iPhone Life magazine

Developing Software for the iPhone

Whether you're new to mobile development or not, there's a lot to learn

One of the biggest criticisms of the original release of the iPhone was that you couldn't install custom applications. Now that Apple has released the iPhone 2.0 OS, which allows the installation of third-party software through iTunes and a Software Development Kit to create them, that criticism no longer applies. Whether it's games, organizational tools, or business applications, the sky's the limit with iPhone 2.0.

Making the paradigm shift

To develop software for the iPhone, there are two key paradigm shifts that must be made. The first shift is to understand the capabilities and limitations of a mobile device. Compared to a desktop or notebook computer, any software written for a mobile device like the iPhone must be dramatically simplified in order for it to be usable. You can't bring all of the capabilities of an existing application to a form-factor like this; you must identify the core feature set which is absolutely necessary.

The second shift is to the world of Apple. Unless you've developed for the Mac, you're probably not familiar with any of the tools required for iPhone development. First of all, iPhone development must be done on a Mac. Additionally, Apple put a lot of thought into the design of the user interface on the iPhone and iPod touch and is very protective about it. They have some very stringent user interface design guidelines that you must follow when designing applications for their devices. Finally, all third-party applications must be distributed through the App Store in iTunes. This last requirement gives Apple plenty of power to enforce their other guidelines.

Focus on solutions—not features

When you first begin thinking about your mobile application, you need to identify the core solution that your app will provide, rather than a collection of features. Since almost all of your users will only use 20% of the features 80% of the time, you will probably need to design your app in such a way that only those 20% of the features are provided. If you try to include everything, your app may become so clunky and complex that nobody will want to use it at all. The key to success is to keep it simple.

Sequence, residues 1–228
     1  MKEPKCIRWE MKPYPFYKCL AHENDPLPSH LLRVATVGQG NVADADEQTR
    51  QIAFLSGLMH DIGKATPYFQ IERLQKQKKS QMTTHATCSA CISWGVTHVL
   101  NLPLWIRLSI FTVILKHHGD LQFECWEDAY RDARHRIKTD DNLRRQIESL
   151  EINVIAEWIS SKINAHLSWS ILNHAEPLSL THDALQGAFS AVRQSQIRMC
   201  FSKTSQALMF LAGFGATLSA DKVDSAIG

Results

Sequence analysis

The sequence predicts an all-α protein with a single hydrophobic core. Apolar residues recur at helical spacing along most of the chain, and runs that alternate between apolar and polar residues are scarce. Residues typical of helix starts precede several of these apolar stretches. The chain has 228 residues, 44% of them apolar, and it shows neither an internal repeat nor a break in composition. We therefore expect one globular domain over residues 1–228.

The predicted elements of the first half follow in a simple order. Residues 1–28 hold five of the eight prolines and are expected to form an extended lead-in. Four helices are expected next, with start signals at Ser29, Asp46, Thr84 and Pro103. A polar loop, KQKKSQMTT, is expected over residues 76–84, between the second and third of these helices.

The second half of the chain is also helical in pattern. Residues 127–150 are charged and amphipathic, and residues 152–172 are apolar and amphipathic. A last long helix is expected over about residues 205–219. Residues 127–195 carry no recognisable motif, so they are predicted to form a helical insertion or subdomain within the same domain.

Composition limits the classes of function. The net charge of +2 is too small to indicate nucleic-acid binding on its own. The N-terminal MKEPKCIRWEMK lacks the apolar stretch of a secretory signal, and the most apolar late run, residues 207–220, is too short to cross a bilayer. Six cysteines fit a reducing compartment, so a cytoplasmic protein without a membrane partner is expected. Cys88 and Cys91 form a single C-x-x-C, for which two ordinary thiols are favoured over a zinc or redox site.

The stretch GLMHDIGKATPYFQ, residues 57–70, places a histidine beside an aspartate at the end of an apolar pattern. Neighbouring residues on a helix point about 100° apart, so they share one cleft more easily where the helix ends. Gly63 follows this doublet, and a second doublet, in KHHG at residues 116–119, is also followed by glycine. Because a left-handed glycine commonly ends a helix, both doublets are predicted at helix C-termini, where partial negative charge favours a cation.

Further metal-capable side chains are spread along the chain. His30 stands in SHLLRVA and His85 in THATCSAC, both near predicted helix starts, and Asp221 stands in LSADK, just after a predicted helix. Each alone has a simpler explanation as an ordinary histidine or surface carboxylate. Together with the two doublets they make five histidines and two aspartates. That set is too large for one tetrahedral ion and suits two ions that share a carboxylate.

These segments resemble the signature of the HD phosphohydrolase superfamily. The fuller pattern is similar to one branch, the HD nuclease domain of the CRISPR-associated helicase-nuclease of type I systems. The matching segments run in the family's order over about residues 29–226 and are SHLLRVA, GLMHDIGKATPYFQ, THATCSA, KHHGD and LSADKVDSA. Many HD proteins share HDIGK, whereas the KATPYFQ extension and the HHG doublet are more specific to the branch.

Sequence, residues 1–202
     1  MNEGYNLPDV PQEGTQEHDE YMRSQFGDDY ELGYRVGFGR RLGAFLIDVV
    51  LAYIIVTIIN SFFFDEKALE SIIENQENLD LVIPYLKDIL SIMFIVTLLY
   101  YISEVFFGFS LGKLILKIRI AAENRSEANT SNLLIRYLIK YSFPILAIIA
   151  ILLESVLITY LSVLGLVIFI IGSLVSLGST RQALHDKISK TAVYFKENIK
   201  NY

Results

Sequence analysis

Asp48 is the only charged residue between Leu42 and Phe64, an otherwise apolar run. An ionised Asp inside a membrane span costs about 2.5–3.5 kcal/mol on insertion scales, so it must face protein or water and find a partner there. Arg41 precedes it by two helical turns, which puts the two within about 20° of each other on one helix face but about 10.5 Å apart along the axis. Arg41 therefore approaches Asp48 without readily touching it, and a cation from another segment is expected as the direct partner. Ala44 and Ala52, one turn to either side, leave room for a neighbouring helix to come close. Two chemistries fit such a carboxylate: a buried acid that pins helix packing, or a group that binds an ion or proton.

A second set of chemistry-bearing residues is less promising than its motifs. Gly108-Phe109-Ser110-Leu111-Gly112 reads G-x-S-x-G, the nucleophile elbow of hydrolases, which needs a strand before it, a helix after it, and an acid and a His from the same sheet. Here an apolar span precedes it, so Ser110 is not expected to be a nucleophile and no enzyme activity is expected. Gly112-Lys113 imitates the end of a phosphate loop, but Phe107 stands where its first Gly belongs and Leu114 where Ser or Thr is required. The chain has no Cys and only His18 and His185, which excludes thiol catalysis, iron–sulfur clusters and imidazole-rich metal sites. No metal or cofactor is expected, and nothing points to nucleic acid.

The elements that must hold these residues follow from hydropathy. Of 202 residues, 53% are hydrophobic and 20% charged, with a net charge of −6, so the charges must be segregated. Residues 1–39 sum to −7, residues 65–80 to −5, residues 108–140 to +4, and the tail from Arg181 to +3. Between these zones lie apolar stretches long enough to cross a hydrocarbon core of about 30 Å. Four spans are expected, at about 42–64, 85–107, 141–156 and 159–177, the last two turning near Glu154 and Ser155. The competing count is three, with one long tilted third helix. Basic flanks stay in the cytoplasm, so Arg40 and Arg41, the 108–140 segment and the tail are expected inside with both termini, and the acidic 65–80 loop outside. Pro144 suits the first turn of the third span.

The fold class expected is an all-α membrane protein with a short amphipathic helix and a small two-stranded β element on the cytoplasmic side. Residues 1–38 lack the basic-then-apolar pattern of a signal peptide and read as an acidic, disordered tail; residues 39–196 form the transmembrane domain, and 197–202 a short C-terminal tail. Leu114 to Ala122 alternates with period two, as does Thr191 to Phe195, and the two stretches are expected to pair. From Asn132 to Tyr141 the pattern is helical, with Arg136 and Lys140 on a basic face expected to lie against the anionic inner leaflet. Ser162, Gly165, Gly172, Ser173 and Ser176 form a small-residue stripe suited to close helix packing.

Ensuring the user experience

Apple's position is that in order to ensure a consistent experience, every application should have a simple look and feel. It should not be cluttered, and it must be easily navigated using only a finger. You must use the interface design elements consistently, and in a way that was intended by Apple. Additionally, only one iPhone application can be running at a time, which means that there are no background processes. Finally, if a phone call comes in, your application must quickly and elegantly save all its data and shut itself down. This is simply the price you have to pay to develop an iPhone application. I would highly recommend downloading the document entitled "iPhone Human Interface Guidelines" from Apple's iPhone Dev Center (developer.apple.com/iphone).

Objective-C and Cocoa Touch

If you're not familiar with Mac development, you may never have even heard of Objective-C and Cocoa. Objective-C is the preferred language for developing native iPhone and iPod touch applications. It is a reflective, object-oriented language which adds Smalltalk-style messaging to C. Cocoa is Apple's native application programming framework for the Mac OS X operating system. Cocoa Touch is based on the full-blown Cocoa API, and it is designed for the more touch-driven set of user interactions used on the iPhone and iPod touch.

Xcode and the iPhone SDK

The iPhone SDK is a free download from Apple (developer.apple.com/iphone). It includes a complete set of tools for development, testing, debugging, and tuning of your application. Xcode is an integrated development environment, or IDE, that can be used to develop both Mac and iPhone applications. It helps you organize your project and easily use the other tools in the SDK like Interface Builder, Instruments, and the iPhone Simulator. Interface Builder is the tool to create a user interface for your applications. Instruments is another tool used to trace and profile your application as it runs. It helps you understand how your application is behaving in order to optimize or debug it. Finally, the iPhone Simulator is a tool that runs and debugs your iPhone apps on a Mac.

 

The App Store—it's in Apple's hands

Unlike the various ways that most mobile software is distributed today, iPhone software will be distributed through a centralized App Store. Even enterprise customers that build custom applications for their own business will have a personalized version of the App Store that only their employees will be able to access. As such, Apple has control over what apps are included or not. They will keep 30% of the product revenue, and pass 70% on to the developer. While this creates significant opportunity, it also challenges the developer to come up with new ways to differentiate your application from all the others.

Get started by jumping in

The best way to get started developing for the iPhone is to just jump in and do it. If you already have a Mac, you can download the SDK for free. The iPhone Dev Center (developer.apple.com/iphone) has numerous documents, code samples, and even free training videos that can be downloaded through iTunes. I would highly recommend downloading the videos and watching them—they provide a very easy-to-experience introduction to the platform and the requirements of developing iPhone apps.

Good luck developing your first iPhone application!